Because we treat minor traffic violations as criminal offenses, the mindset is the same: you have to come to court, or otherwise deal with your ticket by your court date. And if you don’t, there will be a serious consequence. Indeed, that ticket that gets signed at the roadside is a promise to do just that–to come to court. The law provides a number of ways a court can deal with someone who does not keep that promise. Courts can issue an arrest warrant, add a penalty of up to $300 onto the person’s case, or suspend the person’s driving privilege until they come to court.
Q: How would the commission’s proposal change the current process?
A: The burdens of the current process fall particularly hard on individuals with limited resources. In some cases, the fine for not coming to court on time could be more than the ticket itself. And the loss of a person’s drivers’ license can have significant repercussions on work, family and educational opportunities.
Viewing these minor violations as civil matters gives us a different mindset and fairer process. In civil cases, if defendants don't come to court, we don’t punish them. We just treat the case as unopposed and resolve the matter in the person’s absence. Treating minor traffic violations in this way disposes of the need for arrest warrants, additional fines and driver's license suspensions. And, just as in other civil cases, if a person misses court for a good reason, there will be a simple process to ask the court for a second chance.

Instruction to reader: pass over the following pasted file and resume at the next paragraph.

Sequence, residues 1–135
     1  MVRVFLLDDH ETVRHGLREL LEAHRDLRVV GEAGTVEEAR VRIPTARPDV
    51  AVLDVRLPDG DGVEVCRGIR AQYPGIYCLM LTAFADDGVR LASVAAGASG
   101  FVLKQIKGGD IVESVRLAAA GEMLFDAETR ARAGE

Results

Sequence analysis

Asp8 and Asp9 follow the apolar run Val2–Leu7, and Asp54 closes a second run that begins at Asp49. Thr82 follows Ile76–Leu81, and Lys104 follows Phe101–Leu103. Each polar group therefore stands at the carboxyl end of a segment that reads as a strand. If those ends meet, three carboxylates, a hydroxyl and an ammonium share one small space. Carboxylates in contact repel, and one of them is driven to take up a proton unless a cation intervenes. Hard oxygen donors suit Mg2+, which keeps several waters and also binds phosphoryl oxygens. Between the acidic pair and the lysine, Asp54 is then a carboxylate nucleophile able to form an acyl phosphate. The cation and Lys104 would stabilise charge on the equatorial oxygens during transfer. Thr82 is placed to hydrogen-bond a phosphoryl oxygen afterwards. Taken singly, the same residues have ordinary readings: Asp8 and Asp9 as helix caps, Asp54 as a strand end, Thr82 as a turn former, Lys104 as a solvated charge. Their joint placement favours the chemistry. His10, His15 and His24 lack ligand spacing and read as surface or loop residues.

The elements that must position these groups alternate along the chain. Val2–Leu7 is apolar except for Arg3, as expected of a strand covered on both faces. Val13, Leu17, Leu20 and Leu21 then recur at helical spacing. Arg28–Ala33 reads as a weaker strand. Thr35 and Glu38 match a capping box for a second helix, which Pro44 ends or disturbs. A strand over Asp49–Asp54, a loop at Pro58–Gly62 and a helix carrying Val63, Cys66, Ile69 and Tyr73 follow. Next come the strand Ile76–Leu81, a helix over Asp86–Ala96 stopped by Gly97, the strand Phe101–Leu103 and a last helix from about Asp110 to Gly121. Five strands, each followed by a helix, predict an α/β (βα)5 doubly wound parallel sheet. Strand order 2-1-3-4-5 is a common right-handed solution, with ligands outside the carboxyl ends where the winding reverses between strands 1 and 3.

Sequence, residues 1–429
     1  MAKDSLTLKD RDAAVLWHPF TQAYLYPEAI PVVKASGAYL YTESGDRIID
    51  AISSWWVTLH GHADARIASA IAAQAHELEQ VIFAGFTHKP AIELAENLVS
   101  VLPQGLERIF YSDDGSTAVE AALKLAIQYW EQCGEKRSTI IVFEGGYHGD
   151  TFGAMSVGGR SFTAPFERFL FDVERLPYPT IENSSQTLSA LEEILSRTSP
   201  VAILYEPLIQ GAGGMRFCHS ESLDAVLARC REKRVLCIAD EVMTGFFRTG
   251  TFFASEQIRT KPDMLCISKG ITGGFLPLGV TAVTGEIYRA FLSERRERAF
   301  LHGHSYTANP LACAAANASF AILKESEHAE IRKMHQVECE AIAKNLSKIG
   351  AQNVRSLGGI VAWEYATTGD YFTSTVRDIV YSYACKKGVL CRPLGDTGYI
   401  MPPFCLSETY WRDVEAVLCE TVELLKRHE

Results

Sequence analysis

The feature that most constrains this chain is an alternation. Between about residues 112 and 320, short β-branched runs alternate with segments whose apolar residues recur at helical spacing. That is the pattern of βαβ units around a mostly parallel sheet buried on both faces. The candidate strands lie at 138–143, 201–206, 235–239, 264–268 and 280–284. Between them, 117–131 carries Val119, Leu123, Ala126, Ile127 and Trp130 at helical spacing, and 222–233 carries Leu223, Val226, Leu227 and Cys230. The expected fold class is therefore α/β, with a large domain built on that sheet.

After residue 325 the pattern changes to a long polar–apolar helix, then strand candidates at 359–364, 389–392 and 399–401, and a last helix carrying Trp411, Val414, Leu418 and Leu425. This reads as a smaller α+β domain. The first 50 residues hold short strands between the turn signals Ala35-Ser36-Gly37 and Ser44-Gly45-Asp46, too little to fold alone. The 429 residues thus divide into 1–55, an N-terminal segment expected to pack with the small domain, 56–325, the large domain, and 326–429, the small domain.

This is an example of the type of flexibility that a civil case model provides. But I want to emphasize that by moving minor traffic violations into civil courts, we don’t change the rules of the road—what is a violation now will remain a violation. Nor will it affect law enforcement’s ability to do their job. None of this will change the way that serious traffic offenses are handled, like driving under the influence.
Q: Do other states treat traffic infractions as a civil matter?